Teen gets detention time for Lincoln crime spree
A number of neighborhood business were vandalized
Originally published March 18, 2013 at 2:21 p.m., updated March 18, 2013 at 6 p.m.
A 14-year-old boy was sentenced Monday to 17 to 36 weeks in detention for a vandalism spree in December and January that left several Lincoln neighborhood businesses with broken windows and other damage.
Micah Black, a Lincoln resident, pleaded guilty Feb. 14 in Clark County Juvenile Court to burglary, second-degree malicious mischief and third-degree malicious mischief in exchange for fewer charges.
He received 15 to 36 weeks of detention in a juvenile institution for the burglary, 30 days each for the malicious mischief convictions and credit for 65 days already served. He could be out of detention in less than 15 weeks if he exhibits good behavior, said Deputy Prosecutor Rick Olson.
Juvenile Court Commissioner Dayann Liebman also required Black to serve 40 hours of community service and a year’s probation, and pay $200 in court fees and a not-yet-determined amount of restitution.
The convictions relate specifically to a burglary at Latte Da Coffeehouse and Wine Bar at 205 E. 39th St., and vandalism at Trinity Lutheran Church, 309 W. 39th St., and Prima Bella Salon, 3905 N.W. Washington St. However, there were at least seven other victims and, most likely, more than that, Olsen said.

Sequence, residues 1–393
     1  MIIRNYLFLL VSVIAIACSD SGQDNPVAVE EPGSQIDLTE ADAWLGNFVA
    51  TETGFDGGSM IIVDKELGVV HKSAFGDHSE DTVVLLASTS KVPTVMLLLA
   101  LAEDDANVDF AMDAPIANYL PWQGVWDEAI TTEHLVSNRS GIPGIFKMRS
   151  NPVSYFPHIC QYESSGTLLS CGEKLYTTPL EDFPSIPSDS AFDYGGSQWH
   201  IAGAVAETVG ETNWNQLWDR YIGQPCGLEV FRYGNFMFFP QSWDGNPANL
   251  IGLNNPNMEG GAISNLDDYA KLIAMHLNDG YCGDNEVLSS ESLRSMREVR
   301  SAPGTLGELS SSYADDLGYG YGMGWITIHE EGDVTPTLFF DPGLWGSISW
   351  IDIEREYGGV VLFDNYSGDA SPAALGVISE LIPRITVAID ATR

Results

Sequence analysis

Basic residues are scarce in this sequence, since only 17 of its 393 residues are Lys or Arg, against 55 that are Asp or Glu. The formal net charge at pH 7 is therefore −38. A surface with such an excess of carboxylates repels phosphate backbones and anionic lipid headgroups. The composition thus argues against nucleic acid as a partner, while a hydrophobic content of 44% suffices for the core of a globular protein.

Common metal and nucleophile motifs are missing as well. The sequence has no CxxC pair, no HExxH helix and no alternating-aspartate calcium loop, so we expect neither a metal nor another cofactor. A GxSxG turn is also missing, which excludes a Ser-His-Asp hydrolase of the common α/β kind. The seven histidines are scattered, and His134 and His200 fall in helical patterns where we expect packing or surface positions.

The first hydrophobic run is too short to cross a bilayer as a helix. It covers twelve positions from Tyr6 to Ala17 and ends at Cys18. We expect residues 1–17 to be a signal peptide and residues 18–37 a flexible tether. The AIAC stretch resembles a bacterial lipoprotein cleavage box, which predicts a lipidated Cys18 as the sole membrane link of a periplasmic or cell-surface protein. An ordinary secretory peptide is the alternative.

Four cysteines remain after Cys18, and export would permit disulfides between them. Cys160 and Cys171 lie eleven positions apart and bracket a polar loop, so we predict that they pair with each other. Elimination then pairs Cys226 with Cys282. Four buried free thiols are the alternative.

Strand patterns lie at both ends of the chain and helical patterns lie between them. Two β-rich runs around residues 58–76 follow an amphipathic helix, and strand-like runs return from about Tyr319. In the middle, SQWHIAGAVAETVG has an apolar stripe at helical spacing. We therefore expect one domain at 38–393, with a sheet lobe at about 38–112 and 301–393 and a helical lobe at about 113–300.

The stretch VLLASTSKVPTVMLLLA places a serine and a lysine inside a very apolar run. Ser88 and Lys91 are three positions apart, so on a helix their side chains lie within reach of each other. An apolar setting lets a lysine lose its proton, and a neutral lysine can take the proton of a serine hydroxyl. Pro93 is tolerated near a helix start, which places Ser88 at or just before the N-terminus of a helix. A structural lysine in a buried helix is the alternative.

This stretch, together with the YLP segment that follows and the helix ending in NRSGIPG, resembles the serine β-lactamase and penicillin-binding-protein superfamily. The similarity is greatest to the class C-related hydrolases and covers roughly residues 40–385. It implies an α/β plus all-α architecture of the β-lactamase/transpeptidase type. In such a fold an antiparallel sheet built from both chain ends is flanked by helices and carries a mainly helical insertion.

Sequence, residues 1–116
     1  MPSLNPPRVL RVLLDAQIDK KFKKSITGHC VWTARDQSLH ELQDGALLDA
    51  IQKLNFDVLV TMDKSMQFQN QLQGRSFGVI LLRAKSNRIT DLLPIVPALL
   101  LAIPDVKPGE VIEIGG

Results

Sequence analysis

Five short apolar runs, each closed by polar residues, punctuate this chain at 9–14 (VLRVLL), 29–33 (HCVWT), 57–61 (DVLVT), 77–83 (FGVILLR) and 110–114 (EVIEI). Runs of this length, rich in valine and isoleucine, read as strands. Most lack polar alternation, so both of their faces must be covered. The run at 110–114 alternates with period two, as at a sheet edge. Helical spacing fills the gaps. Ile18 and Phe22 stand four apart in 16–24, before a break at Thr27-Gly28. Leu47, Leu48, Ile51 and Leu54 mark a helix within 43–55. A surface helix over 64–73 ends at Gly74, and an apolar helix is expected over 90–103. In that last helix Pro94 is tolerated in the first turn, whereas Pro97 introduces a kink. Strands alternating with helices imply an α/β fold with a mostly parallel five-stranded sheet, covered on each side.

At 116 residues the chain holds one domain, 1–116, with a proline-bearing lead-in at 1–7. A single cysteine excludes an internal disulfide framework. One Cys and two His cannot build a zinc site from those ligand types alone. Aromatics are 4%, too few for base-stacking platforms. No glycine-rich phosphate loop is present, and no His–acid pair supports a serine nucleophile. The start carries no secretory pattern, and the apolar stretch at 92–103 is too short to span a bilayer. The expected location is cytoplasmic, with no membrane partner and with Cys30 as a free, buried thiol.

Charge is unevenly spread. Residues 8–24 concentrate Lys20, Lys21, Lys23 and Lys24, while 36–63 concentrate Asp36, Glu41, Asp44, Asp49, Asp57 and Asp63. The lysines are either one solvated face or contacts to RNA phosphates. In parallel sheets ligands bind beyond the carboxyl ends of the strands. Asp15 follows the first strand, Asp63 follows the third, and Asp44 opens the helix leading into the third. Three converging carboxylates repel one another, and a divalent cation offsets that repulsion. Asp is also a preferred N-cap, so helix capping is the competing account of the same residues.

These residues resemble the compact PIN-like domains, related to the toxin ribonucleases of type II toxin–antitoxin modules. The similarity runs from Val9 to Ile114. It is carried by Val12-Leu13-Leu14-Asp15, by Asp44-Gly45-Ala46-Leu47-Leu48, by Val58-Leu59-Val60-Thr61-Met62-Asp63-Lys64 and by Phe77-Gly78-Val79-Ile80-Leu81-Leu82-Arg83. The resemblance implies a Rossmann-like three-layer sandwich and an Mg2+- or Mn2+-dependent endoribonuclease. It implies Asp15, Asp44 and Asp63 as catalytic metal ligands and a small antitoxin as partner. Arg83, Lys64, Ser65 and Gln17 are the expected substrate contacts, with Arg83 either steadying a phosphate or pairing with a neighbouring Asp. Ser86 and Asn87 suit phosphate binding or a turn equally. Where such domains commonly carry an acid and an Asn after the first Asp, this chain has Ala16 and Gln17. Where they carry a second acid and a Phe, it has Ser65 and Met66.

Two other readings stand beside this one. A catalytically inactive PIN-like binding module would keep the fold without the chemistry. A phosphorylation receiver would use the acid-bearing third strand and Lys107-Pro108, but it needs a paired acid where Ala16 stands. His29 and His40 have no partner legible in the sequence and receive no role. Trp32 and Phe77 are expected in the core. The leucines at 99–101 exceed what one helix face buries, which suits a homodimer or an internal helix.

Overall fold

Black caused about $3,000 in damage at Latte Da, owner Scott Flury previously told The Columbian.
This isn’t the first time the teenager has been in trouble with the law. He previously served 20 days in juvenile detention and performed 40 hours of community service for an April 28, 2012, arson.
He lives with his grandparents. They said they took him in as a toddler because his mother was addicted to methamphetamine.
His accomplice in the Lincoln rampage, Steven Mahoney, also 14, was sentenced Feb. 22 to 45 days of detention, 50 hours of community service and a year’s probation for a count of second-degree burglary, two counts of second-degree malicious mischief and a count of third-degree malicious mischief. The accomplice’s sentence was less severe because he didn’t have a criminal history, Olson said.
Paris Achen: 360-735-4551; http://twitter.com/Col_Courts; http://facebook.com/ColTrends; email@example.com.